No Longer At Ease

Chinua Achebe

Chapter 10

Summary Chapter 10

Obi finds himself in a terrible situation but is still at the point where he can find some hope through his problems. For instance, he thinks about the fact that this is just a beginning for him and that beginnings are always difficult. He also makes himself think that he cannot let his people down, and he is somewhat cheered by Charles's attitude, the man who, in turn, owes Obi money. Also, the chapter seems to end hopefully when Obi finds a poem he had written in England about Nigeria.

The poem is a nostalgic piece of writing that makes him smile. It calls for unity and purity and peace and jollity, and in a way it does well to cheer him up. It is a poem he had written two years before and on the bottom he had written "London, July 1955." The poem both reminds us of Obi's displacement, but it helps Obi forge a new attitude to take. He finds this poem about Nigeria, ironically in an A.E. Housman book. Obi, like Achebe is using a British form (lyric poetry) and making that poetry his own by taking full possession of the subject matter.

Further problems arise out of Obi's relationship with Clara, a relationship that seems to be full of quarrels. They did not quarrel in the last chapter but that seems more like an exception to the rule. Clara, at this point, is upset because Obi has not told her about the overdraft, and she feels she should be told these things since they are to be married. It is obvious that Obi has a certain amount of pride and does not want to have to tell Clara about his financial problems, just as he did not want to take the extension from the Umuofian Progressive Union. The quarrels between the two of them always shed light upon both characters.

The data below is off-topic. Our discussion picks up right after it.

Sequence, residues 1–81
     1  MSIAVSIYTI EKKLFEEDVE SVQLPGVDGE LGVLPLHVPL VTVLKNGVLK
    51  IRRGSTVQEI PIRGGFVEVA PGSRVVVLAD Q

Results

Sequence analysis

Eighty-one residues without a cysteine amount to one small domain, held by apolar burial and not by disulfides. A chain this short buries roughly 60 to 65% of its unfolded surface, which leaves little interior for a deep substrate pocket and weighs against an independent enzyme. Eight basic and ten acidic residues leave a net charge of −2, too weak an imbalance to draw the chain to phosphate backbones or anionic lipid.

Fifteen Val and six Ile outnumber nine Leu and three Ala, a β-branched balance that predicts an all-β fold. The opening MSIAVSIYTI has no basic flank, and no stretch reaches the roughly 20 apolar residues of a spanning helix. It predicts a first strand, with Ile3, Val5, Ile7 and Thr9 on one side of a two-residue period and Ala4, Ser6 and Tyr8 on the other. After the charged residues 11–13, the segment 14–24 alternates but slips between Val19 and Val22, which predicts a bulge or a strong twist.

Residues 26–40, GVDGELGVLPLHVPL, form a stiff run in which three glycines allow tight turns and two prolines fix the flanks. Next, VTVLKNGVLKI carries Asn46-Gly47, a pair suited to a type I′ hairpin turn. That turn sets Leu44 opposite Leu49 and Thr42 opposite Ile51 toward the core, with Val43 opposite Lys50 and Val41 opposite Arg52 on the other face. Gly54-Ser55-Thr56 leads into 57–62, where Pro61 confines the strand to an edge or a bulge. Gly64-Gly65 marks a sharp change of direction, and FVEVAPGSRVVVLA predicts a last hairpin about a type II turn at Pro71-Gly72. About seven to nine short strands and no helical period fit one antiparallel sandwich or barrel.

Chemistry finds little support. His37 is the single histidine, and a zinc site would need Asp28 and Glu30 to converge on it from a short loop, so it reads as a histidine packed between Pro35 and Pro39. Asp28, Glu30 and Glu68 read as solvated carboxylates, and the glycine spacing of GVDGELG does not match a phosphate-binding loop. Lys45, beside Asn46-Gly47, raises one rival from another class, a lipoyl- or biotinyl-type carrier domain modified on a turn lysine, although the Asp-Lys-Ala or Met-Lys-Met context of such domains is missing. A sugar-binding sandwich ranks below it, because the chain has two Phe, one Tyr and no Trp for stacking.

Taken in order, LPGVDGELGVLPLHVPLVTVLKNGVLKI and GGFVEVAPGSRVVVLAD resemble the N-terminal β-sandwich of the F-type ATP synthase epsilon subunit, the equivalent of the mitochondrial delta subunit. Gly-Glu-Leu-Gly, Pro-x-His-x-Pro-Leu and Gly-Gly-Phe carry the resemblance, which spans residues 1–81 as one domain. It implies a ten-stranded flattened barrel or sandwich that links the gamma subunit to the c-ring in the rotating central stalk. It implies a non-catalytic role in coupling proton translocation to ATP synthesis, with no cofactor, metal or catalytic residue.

Also, as a kind of passing note, Achebe does not fail to criticize Mr. Green yet again in this section of the novel. Though this section seems more sympathetic to the UPU than others, although never fully accepting, it is still quite critical of Green. Because, although Green does well in reminding Obi of his insurance and what he will have to pay and when, Green does so in an arrogantly characteristic manner. "For one brief moment a year ago Mr. Green had taken an interest in Obi's personal affairs—if one could call it taking an interest." For, Green claims he must remind Obi because even the "educated" have not reached the level of thinking about tomorrow" in Nigeria.